Researchers at the University of Georgia tell Channel 2 Action News they are getting closer to human trials for a universal flu vaccine. Ross and his team have been working on a universal vaccine for about a decade. They've had successful trials in mice and ferrets. Monday, he confirmed to Channel 2 Action News that they're in the process of selecting candidates for human trials, which could begin in 2019.
Flu is a Tough Diagnostic Problem Even Now
A study released in the last week looked at 1422 adult patients admitted for respiratory problems to one academic and three community hospitals. The patients’ physician determined whether they were tested for influenza but the researchers tested all patients so they could determine the number of missed diagnoses and the associated patient factors. The study and the problems associated with the available diagnostic tests show that medicine, for all its guidelines, remains the art of the practitioner.
Pediatric influenza news
2 children die of the flu in New York City
The New York City Health Department has confirmed that two children's deaths are influenza-related. In a statement it said: "The tragic death of a child due to the flu is a reminder of the devastating effects this illness can have on people of all ages. The influenza season is far from over, and it is not too late to get the flu shot. We urge parents to protect themselves and their families by getting this potentially life-saving vaccine today."
AAP Releases 2018 Immunization Schedule for Kids and Teens
The 2018 pediatric immunization schedule recommended by the American Academy of Pediatrics is mostly similar to last year's, with a couple of tweaks regarding timing of the hepatitis B vaccination and an optional third dose of mumps-containing vaccine during a mumps outbreak. Influenza vaccine recommendations from 2017 remain unchanged, with the flu shot recommended children ages 6 months and older and the live attenuated influenza vaccine not recommended, reported the AAP's Committee on Infectious Diseases.
So far, 53 kids have died from the flu. Here's what worried parents should do
In the U.S., we don’t know yet whether flu-related deaths are actually more common this year than average, but we do know that 80 percent of the children who have died thus far weren’t vaccinated. Every year, only about 60 percent of kids under 18 get the flu shot, not including those under six months of age who are too young to get the vaccine. That’s actually better than adults, who average around 40 percent coverage, but many parents clearly don’t feel the shot is a priority.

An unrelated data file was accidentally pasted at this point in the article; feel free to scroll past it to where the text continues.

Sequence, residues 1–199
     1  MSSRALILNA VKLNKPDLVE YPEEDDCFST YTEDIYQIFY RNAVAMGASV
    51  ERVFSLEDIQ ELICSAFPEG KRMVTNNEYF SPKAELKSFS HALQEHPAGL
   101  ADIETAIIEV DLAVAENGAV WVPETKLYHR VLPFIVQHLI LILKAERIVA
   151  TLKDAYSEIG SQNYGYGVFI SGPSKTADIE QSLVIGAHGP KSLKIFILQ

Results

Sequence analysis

Over 65’s influenza news
Socially active older women benefit from flu vaccine
Flu shots may be especially important for older women who are socially active, a study from Japan suggests. In a study of people over age 65, unvaccinated women who regularly participated in two or more social activities were twice as likely to report a flu infection as those who didn’t participate in any such activities, the study authors report. At the same time, women who were vaccinated had no additional risk.
General Influenza News
Trump Evangelical Adviser Says You Don't Need Flu Shots When You Have Jesus
In the U.S., a controversial minister linked to President Donald Trump said flu shots aren’t necessary when you have Jesus. “Inoculate yourself with the word of God,” urged Gloria Copeland, who with her husband co-founded the Kenneth Copeland Ministries in Texas. Both serve on Trump’s evangelical advisory board. While health officials continue to urge people to get flu shots during a season that has been marked by widespread illness, Copeland told followers that faith in Christ is all that’s really needed.
Flu outbreaks leave more than 4 million Brits at risk of deadly asthma attacks, charity warns
Catching a cold or the flu could put more than four million Brits at risk of a deadly asthma attack, a charity has warned. A study of more than 7,500 people found more than 80 per cent of people reported the flu made their asthma symptoms worse, according to Asthma UK. And recent figures reveal some 193 people have died of flu-related complications this winter, prompting the charity to urge people with asthma to protect themselves.
Doctors warn about heart attack risks following flu
In the U.S., the emergency room at Vanderbilt University Medical Center has been packed for months now. Now, inside the cardiology wing, doctors are warning about the risks for heart attacks that can follow a bout of the flu. A study in the New England Journal of Medicine found that people are six times more likely to have a heart attack in that week after getting diagnosed with the flu. Cardiologists are also stressing the importance of getting the flu shot.
Rapid flu tests only 50 to 70 percent accurate, CDC says
In the U.S., the CDC says the quick flu tests are only 50 to 70 percent accurate. They're the most common flu test performed at hospitals and clinics during flu season. Some patients elect for a comprehensive lab test, which takes longer to complete and is more accurate. But even if a rapid test comes back negative, healthcare professionals are trained to treat symptoms.
Burden of disease
Nationwide there has been four flu deaths this winter
Since the beginning of the influenza season in Lower Saxony, four influenza-affected people have died. Frequently, the flu does not lead directly to death, but in conjunction with other underlying diseases it sometimes can, said a spokeswoman for the State Health Office in Hanover. The seasonal flu outbreak is as pronounced as it has been in previous years. Last week, the agency registered 681 new influenza cases nationwide, which were confirmed by laboratories. Overall, there have been 1,535 cases since the start of the flu season last October. The flu season is expected to reach its peak in February
Flu wave is easing: government
In Macau, the Health Bureau said that the number of influenza patients seeking treatment at the public Conde de Sao Januário Hospital Centre has decreased over the past week. The statement said that the ratios of residents and schoolchildren having received flu vaccinations are among the highest in Asia, adding that more than 70 percent of pupils in the city’s kindergartens and primary schools have had their seasonal flu shots.